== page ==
• Pain or cramping in legs and feet
  • Reduced sense of touch or temperature
  • Dry and cracked skin
  • Thick, yellow toenails
  • Loss of hair on the feet
  • Fungal infections
  • Blisters and other sores

 

Preventing foot damage with diabetes is relatively easy. In addition to having your feet regularly checked for signs of damage at your doctor’s office, you can take the following additional steps. Check your feet daily for warning signs. Wash your feet daily and watch out for fungal infections. Trim your toenails following the natural curve of your feet but do not trim the corners. Do not use a razor to cut calluses. Protect your feet from extreme cold and heat. Test bath water with your elbows. Wear shoes on hot ground. Wear comfortable, supportive shoes. Maintain an active lifestyle and exercise often.

Diet Tips for Diabetes

According to the book “Ending the Food Fight” written by Dr. David Ludwig, diabetics can benefit from eating a diet with a low glycemic index. This basically is a diet that avoids unnecessary sugars to prevent blood sugar spikes. Dr. Ludwig has 8 principles for the diabetic diet.

1. Eat non-starchy produce. Eat a variety of vegetables, beans, and fruits that have a low starch content. These foods include bananas, beans, apples, peaches, berries, papayas, broccoli, and almost anything other than potatoes.

2. Eat minimally-processed grains. The more processed the grain, the higher the sugar content. Look for “unbroken” foods; such as brown rice, wheat berries, stone-ground wheat, steel-cut oats, whole barley, or millet.

3. Limit sweets. Avoid unnatural amounts of sugar. This includes all desserts, and even fruit juice products- which have a lot of fructose without the benefit of fiber, which can reduce some of the effects of the fructose.

4. Eat a lot of protein. Eat a protein source with most meals. Beans, chicken, beef, fish, and other sources of protein will all work.

5. Eat healthy fats. Hydrogenated fats, vegetable oils, and soybean oil are some of the worst possible fats to eat. Switch out these unhealthy fats for fats like animal fats, coconut oil, olive oil, and palm kernel oil.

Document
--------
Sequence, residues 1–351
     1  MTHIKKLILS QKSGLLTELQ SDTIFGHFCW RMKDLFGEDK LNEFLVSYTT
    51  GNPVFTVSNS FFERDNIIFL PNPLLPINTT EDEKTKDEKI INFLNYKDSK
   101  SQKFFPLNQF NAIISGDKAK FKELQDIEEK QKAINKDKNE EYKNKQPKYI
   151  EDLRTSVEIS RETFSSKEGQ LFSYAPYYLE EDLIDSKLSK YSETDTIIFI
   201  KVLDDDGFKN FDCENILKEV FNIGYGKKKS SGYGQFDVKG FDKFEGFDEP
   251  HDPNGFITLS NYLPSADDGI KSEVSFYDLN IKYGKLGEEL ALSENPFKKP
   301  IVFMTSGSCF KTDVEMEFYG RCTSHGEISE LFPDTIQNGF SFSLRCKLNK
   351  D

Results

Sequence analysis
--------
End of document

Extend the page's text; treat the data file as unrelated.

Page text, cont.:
6. Eat 3 meals and one or two snacks daily. Never skip breakfast, but do not eat a breakfast high in sugar.

7. Always eat slowly, and stop eating when full.

Helpful Supplements

ALA: Removes sugar from the blood.

Chromium: Regulates blood sugar.

Zinc: Regulates insulin production.

Magnesium: Removes excess blood sugar and regulates insulin production.


Tips for Whole Body Health

Diabetes is often related to obesity. Obesity does not cause diabetes, but many of the same issues that lead to obesity lead to the development of diabetes. What makes one person more likely to develop diabetes than another is mainly due to genetics. Some people simply have a better ability to process sugar without developing insulin resistance.

One of the best strategies for preventing obesity in addition to a healthy diet is regular exercise. Exercise will benefit diabetics in a variety of ways other than simply promoting a healthy weight. According to a study conducted by the American Diabetes Association in 2004, exercise can benefit diabetics in the following ways:

Glycemic control: Regular exercise has been linked to an increase in insulin sensitivity for up to 5 years after cessation of the exercise.

Prevention of heart disease: Regular exercise can help prevent heart disease by lowering cholesterol and reducing total body inflammation.

High blood pressure: Insulin resistance also contributes to high blood pressure. Regular exercise can lower blood pressure and increase insulin sensitivity.

Caring for Diabetes From Head to Toe

If you have type 2 diabetes, it is important to monitor the disease and keep careful track of all potential problems with the disease. Although it may be possible to reverse type 2 diabetes, most patients who are diagnosed with diabetes must deal with the issue for the rest of their lives. You can control your diabetes symptoms and reduce your risk for developing serious side effects and other dangerous health problems by using the above steps to manage your disease. With just a little extra effort, you can prevent your diabetes from controlling you and improve your overall health.

Sources


http://www.pottsmerc.com/lifestyle/20131125/diabetes-and-your-feet-disease-management-must-focus-on-head-to-toe-health

https://www.everydayhealth.com/health-report/type-2-diabetes-control/diabetes-wellness-from-head-to-toe.aspx

http://www.helpguide.org/life/healthy_diet_diabetes.htm